New Office, Old Me

by | Sep 22, 2021 | Blog | 2 comments

Hello beautiful people!

It’s been so long since I last wrote… 3 months I think!

July disappeared to packing and planning a Minecraft themed birthday party (!) –

August went to The Move, and ALL the unpacking –

– and most of September has disappeared to adjusting to the new school year, and trying to remember what routine looks like!

Anyway, here we are (in the Northern hemisphere) on the cusp of Autumn (or Fall) and I’m wondering what’s been changing for you?

For so many of us growing up, Summer was the time of change – international moves aligned with school years and this transition season was marked by both endings and beginnings. It’s not unusual for a lot of Third Culture Kids to feel antsy this time of year, to feel the familiar itchy feet or ticking of that internal clock (whichever metaphor suits you best!)

I’ve found this season of transition challenging for so many reasons.

Firstly, because it’s been a blatantly positive transition.

Bear with me. This is challenging because I’m wired to focus on the positives of change. By this I mean that I carry (as do many of my kind!) an innate need to focus on the good of change as a means of coping with it. I remind myself that I am incredibly lucky to have made this house move, that it’s in a part of the country I really enjoy, that it’s all going very well and that I’m fortunate to be able to do this.

This positive focus means that when I experience tiredness (unpacking is hard!) or frustration (why did my washing machine have to explode now?!) or fear (what if I never see my friends again?) I also feel shame. I SHOULD be grateful. Not stressed. Who gets stressed by positive transition?!

Secondly, because it’s both change and continuity. 

I grew up change on a grand scale. You didn’t just change school, you changed country. You didn’t just change house, you changed landscape. You didn’t just change friends, you changed language. It was never one change, it was all of them – like a domino effect. But now? Now I can change just one thing. Transition can happen in the broader context of continuity. And yes I’m being simplistic here – in a sense any small change has a ripple out effect onto everything else. But when you grow up with tidal waves of change, a ripple is strangely underwhelming… and almost eerie.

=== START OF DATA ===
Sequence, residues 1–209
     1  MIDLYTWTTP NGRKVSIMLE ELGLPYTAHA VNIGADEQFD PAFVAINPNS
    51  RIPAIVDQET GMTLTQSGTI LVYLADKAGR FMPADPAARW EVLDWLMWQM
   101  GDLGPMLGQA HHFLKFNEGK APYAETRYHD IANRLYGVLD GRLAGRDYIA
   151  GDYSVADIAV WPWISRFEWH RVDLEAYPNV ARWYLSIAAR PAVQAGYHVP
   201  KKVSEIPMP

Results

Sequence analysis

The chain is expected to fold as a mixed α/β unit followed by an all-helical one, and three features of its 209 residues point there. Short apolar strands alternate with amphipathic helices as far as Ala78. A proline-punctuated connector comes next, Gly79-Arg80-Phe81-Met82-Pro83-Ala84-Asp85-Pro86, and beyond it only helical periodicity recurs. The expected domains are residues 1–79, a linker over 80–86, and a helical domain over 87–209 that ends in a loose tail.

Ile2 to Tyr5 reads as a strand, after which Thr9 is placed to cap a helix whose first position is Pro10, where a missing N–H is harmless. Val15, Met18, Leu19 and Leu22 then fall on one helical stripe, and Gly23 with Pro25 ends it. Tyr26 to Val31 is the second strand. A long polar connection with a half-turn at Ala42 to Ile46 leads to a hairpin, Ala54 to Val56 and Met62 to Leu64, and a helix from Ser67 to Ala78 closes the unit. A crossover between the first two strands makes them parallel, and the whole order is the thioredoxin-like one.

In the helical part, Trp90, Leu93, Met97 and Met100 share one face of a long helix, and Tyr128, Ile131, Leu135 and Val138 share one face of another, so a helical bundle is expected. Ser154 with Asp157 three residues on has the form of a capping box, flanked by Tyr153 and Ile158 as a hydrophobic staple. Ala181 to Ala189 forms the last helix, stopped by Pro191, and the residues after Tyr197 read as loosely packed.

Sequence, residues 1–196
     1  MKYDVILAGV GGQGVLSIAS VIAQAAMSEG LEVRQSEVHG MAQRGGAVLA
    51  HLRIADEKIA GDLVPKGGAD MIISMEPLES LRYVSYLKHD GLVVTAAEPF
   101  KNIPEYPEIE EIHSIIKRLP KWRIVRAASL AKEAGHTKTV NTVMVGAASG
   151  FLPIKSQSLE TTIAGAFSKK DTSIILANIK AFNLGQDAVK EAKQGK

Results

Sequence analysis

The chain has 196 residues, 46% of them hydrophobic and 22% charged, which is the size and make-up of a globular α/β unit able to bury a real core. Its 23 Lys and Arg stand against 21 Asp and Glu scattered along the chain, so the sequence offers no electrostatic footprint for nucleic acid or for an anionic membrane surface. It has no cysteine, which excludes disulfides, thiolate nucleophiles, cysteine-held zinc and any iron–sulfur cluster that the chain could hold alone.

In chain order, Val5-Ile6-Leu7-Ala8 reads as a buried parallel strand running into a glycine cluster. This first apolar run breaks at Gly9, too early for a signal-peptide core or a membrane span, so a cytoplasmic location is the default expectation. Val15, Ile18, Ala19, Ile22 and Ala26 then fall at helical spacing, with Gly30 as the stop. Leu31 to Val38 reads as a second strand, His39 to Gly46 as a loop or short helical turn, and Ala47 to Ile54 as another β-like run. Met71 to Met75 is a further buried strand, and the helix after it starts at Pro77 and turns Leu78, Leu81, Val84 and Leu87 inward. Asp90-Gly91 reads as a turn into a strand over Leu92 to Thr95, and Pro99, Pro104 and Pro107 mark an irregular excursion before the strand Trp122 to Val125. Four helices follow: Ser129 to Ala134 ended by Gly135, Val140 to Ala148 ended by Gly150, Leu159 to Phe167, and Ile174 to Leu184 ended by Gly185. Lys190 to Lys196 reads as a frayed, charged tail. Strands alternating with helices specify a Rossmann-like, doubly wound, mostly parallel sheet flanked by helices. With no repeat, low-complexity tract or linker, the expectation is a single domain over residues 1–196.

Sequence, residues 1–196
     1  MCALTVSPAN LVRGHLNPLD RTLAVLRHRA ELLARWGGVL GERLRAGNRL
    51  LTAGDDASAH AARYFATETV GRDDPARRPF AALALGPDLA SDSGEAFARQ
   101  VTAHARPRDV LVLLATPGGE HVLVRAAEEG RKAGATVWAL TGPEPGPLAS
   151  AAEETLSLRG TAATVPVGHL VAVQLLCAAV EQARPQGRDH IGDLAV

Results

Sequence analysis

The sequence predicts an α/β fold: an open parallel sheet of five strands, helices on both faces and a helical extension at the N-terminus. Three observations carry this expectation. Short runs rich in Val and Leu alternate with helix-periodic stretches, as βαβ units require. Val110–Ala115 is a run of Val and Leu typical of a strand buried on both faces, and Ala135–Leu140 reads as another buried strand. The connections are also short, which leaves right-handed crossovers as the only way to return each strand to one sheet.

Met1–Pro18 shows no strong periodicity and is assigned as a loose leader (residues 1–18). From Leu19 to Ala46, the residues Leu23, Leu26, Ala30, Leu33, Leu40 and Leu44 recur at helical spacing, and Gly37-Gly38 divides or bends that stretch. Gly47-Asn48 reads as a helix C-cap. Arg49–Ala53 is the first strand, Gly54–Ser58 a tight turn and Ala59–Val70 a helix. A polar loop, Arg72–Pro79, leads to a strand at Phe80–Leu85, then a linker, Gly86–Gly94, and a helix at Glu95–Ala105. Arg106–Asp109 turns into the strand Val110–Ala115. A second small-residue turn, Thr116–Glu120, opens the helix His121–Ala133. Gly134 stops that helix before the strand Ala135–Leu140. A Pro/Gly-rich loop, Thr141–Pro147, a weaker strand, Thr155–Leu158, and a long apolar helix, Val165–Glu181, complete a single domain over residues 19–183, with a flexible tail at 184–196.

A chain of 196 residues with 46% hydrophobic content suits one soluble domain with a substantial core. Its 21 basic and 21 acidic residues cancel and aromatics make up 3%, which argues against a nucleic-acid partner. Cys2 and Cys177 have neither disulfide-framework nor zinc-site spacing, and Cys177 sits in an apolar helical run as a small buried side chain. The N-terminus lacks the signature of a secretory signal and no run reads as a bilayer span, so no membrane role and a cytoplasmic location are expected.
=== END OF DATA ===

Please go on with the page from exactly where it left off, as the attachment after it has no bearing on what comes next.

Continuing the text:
I have a new home, but the same friends. I have a new office but the same job. I have a new space, but I have ALL my stuff with me (who else remembers packing things away for years at a time?) I have a new office but I’m the old me. No reinventing, no starting again, no period of watching to figure things out before I show up. Just carrying on. It’s strange how much impact a ripple can make.

Finally, this transition has reminded me how little patience I can have with PROCESS.

I’ve observed this in many of us actually, that we often find the ‘in-between’ spaces hard. The packing up. The unpacking. The not-quite-figured-it-out spaces. We often find ourselves just wanting the end product to materialise – the new life – fully formed and taken shape. So we know where we stand. So we can perceive our new role, our new script, and take our place on the new stage with confidence.

This improv, collaborative, workshopping process deal can feel like a hot mess.

The process of settling, of finding our feet, of playing out an old life in a new space – it’s challenging. It can feel impossible to get any of our identities ‘right’ because we still can’t quite figure out where that book is, or where the plates live, or how the hot water works. The process is messy and interferes with my desire for ‘new office, new me’.

So if you have found yourself in transition this summer, I wonder what the challenges of this have been for you? And if you have found yourself in sameness – I ask the same question of you too.

And I greet you, with compassion both, from my new office and my old self.

 

2 Comments

2 Comments

  1. Megan

    Lovely! Thank you. My family was in transition from April to August, staying in 10 different places. Now we are back “home” on the mission field and it is so good to be stable. But we did learn to carry our same routines through different environments, and to be okay with the unsettledness!

    Reply
    • Dr. Rachel Cason

      Sounds like you managed such a long transition with a lot of grace! Being okay with the unsettledness is often a very hard thing – I’m glad it’s worked well for you and your family. Thanks for reading!

      Reply

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